Fresher and More Sustainable: 4 Tips on How to Shorten Your Shopping Supply Chains

Short supply chains are more sustainable and lead to fresher food! RESET presents 6 digital solutions for shorter supply chains.

Author Benjamin Lucks:

Translation Lana O'Sullivan, 04.22.24

When we buy food in the supermarket, it has often travelled halfway around the world. On the one hand, fruit and vegetables that actually grow locally are imported from abroad for cost reasons. On the other hand, local businesses send their food over hundreds of kilometres to be washed and cut, as labour is cheaper abroad. The problem: such long supply chains lead to severe environmental pollution.

A study by the University of Sydney estimates that the CO2 emissions caused by transporting fruit and vegetables are 36 percent of food-miles emissions, which is almost twice the amount of greenhouse gases released during their production. At the same time, it is precisely the richest countries whose food travels too long distances. While they make up around 12 percent of the world’s population, they are responsible for 46 percent of the food kilometres travelled. Many experts are therefore calling for shorter food supply chains in order to reduce the environmental impact of the food sector.

Fruit, vegetables and animal products from local farms are even fresher as they do not have to travel such long distances. This means that the time between farm and plate is shorter and farms do not have to preserve the food through extensive refrigeration or chemical treatments before dispatch.

In our dossier on a successful sustainable agricultural transition, we present many solutions that offer a glimpse into the future of agriculture. Below, we present specific solutions that consumers can use to shorten supply chains now.

1. Kenyan app Greenspoon makes sourcing local products easier

greenspoon
Greenspoon

In the EU, the General Food Law has been in effect since 2002, making traceability compulsory for all food and feed businesses. But while traceability is the norm in the West, this is not the case in Kenya’s domestic food market and in many other parts of Africa.

Greenspoon, a grocery delivery service based in the Kenyan capital of Nairobi, launched their supermarket app in a pioneering move aimed at promoting sustainable practices in its grocery business, while simultaneously enriching the shopping experience of its customers. 

Through both its website and now a mobile app, Greenspoon can cater to its niche market of modern, high-income women primarily in families – who comprise its target market more effectively. “We cater to those who value healthy, fresh and delicious products, including organic items, premium wines, fish, meat, breads and baguettes. Our focus is on celebrating life, being friendly, and optimistic,” Greenspoon told RESET.

The app, which has been live since June 2022, has over 10,000 downloads on Google PlayStore as of December 2023. The company anticipates sharp growth in 2024.

2. Regional fish and seafood at “Frisch Gefischt”

We reported on Hamburg-based start-up “Frisch Gefischt” in autumn of 2023. In Germany, fishing in particular is associated with long supply chains. This is because there have been no fish auctions in Germany since the 1980s. Regionally caught products therefore have to be taken abroad to be auctioned off and brought back again.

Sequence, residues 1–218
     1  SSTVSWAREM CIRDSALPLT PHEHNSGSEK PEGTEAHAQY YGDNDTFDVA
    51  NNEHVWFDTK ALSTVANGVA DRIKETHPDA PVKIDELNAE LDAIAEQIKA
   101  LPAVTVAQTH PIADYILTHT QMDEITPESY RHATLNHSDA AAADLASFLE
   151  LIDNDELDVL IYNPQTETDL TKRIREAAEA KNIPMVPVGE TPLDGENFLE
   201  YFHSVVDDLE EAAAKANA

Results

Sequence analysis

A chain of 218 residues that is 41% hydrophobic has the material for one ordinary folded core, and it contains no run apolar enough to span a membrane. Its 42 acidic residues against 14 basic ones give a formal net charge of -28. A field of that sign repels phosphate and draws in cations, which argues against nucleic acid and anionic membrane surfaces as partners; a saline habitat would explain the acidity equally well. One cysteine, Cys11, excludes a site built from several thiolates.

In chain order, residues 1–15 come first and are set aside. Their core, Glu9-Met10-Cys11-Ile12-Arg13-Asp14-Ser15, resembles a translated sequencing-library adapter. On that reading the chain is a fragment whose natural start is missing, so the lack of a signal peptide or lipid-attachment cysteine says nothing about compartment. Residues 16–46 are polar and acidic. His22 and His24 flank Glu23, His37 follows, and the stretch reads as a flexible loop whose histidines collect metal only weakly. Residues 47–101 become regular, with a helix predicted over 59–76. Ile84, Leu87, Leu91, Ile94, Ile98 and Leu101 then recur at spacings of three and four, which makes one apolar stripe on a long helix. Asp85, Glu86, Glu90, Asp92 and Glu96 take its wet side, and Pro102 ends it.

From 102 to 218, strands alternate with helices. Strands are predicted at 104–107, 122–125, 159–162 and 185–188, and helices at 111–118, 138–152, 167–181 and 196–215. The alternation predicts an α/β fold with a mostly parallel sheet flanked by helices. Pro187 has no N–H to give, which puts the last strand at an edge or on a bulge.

Frisch Gefischt

“Frisch Gefischt” uses its own online platform to offer seafood directly after it has been caught. End customers can order the desired goods there and receive them a few days after processing in the harbour.

In an interview, Frisch Gefischt told us how this form of direct marketing ensures fresher and more sustainable fishing. The company launched an online shop for private customers at the beginning of 2024. This allows customers to order regionally caught fish and seafood and collect it from the Hamburg site. Germany-wide delivery is planned for the future, and international options could soon become a possibility.

3. Etepetete’s organic crates

Subscriptions for organic boxes are another way to buy regional products without much effort. There are offers that deliver organic products from the region depending on seasonal availability. Concepts such as Etepetete specialise in goods not sold in conventional stores due to blemishes.

To find an organic box near you, there is a directory in which most organic box delivery services can be found. As such services are very popular, there are now also additional products such as organic box cookery books, which contain a number of recipes for seasonal fruit and vegetables. This means that organic boxes also provide more variety in the buyers’ diet.

4. Too Good to Go is by now a classic cost and planet-saving stalwart

Too Good To Go app co-founders Jamie Crummie and Chris Wilson with their free, food-saving smartphone app.
Too Good to Go
Too Good To Go app co-founders Jamie Crummie and Chris Wilson with their free, food-saving smartphone app.

We first wrote about now iconic app Too Good to Go in 2018, and since then, it’s become a household name across the globe. Its success lies somewhat in its useability; getting involved is as simple as opening the map, picking from their range of available options (anything from pastries and donuts to full meals), and reserving an order and organising payment – all through the app. You then go and collect the food at the allocated hours at the store, showing the app to the employees who will hand over your order. Each listing on the app specifies whether the portions will come pre-packaged (meaning you get what you’re given) or whether you’re able to pick and choose from all of their leftovers. Most offers range in price between 2 EUR and 4 EUR per portion. The service covers major European cities, and in October 2020 started operations in North America.

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